A circuit breaker is a protective device designed to open a circuit when a current load is in excess of rated breaker capacity. If there is a short or other type of overload condition in the circuit, the excessive current will open the circuit between the circuit breaker terminals. There are two types of circuit breakers used in GM vehicles: cycling and non-cycling.
The cycling circuit breaker will open due to heat generated when excessive current passes through it for a period of time. Once the circuit breaker cools, it will close again after a few seconds. If the cause of the high current is still present, it will open again. It will continue to cycle open and closed until the condition causing the high current is removed.
There are two types of non-cycling breakers. One type is mechanical and is nearly the same as a cycling breaker. The difference is a small heater wire within the non-cycling circuit breaker. This wire provides enough heat to keep the bimetallic open until the current source is removed.
The other type is solid state, called an Electronic Circuit Breaker (ECB). This device has a Positive Temperature Coefficient. It increases its resistance greatly when excessive current passes through it. The excessive current heats the ECB. As it heats, its resistance increases, therefore having a Positive Temperature Coefficient. Eventually the resistance gets so high that the circuit is opened, removing voltage from its terminals. Once voltage is removed, the circuit breaker will re-close within a second or two.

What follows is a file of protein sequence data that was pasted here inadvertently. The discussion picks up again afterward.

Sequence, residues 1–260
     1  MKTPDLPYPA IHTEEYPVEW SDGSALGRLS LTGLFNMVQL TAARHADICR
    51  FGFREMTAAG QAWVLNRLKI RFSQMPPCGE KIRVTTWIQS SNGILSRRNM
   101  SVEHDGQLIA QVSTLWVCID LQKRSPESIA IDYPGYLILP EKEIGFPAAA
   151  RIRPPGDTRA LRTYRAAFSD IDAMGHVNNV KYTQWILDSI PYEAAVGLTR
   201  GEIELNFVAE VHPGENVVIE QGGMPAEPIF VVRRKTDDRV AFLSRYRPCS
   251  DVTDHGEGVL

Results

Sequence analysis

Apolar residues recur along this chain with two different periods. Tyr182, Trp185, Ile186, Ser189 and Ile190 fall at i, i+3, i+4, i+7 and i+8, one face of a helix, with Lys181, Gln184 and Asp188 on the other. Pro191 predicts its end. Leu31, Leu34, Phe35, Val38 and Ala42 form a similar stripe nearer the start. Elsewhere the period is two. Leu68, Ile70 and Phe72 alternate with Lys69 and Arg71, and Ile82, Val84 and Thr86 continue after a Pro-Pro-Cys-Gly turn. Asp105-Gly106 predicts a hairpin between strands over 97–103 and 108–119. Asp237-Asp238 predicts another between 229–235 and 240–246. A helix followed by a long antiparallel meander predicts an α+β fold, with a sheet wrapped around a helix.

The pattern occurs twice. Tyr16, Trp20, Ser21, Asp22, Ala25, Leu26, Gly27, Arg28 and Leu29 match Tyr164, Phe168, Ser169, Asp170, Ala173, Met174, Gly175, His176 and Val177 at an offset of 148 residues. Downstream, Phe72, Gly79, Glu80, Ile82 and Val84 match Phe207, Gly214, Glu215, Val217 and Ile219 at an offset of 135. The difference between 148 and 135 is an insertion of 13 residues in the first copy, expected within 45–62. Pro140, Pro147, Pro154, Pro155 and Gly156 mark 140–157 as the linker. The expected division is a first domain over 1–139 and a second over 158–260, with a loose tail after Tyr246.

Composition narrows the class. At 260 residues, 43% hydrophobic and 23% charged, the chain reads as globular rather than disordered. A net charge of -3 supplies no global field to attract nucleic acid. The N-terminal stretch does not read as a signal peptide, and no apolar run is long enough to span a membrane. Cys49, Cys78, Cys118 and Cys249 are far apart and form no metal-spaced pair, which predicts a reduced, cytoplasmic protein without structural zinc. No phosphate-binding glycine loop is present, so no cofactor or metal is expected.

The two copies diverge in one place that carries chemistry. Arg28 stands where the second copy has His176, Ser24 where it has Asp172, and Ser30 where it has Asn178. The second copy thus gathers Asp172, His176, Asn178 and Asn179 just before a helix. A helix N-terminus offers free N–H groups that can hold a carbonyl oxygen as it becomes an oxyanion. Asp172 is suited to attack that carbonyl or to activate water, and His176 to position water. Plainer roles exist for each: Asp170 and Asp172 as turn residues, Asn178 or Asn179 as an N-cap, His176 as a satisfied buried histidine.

The primary application of a circuit breaker is the headlights. If the headlamps were protected by a fuse and fault developed driving at night, the headlamps would go out, an unacceptable situation. So a cycling-type circuit breaker is built into the headlamp switch. If a fault develops, the headlamps will go our momentarily, then the breaker quickly resets and the headlamps will come on again. If the fault is still there, the headlamps will go out, the breaker will reset again, and the headlamp will come on again. If the cycle keeps repeating, the result is the headlamps will seem to continuously flash on and off. This at least allows the driver to safely stop the vehicle.
The windshield wiper motor is also protected by a circuit breaker. If the wiper motor overheats (wipers frozen to the windshield or stuck in heavy snow, stalling the motor, for example) the circuit breaker will trip, remaining off until the motor cools or the overload is removed.
There may also be some circuit breakers in the fuse box for the power door locks, power seats and power windows.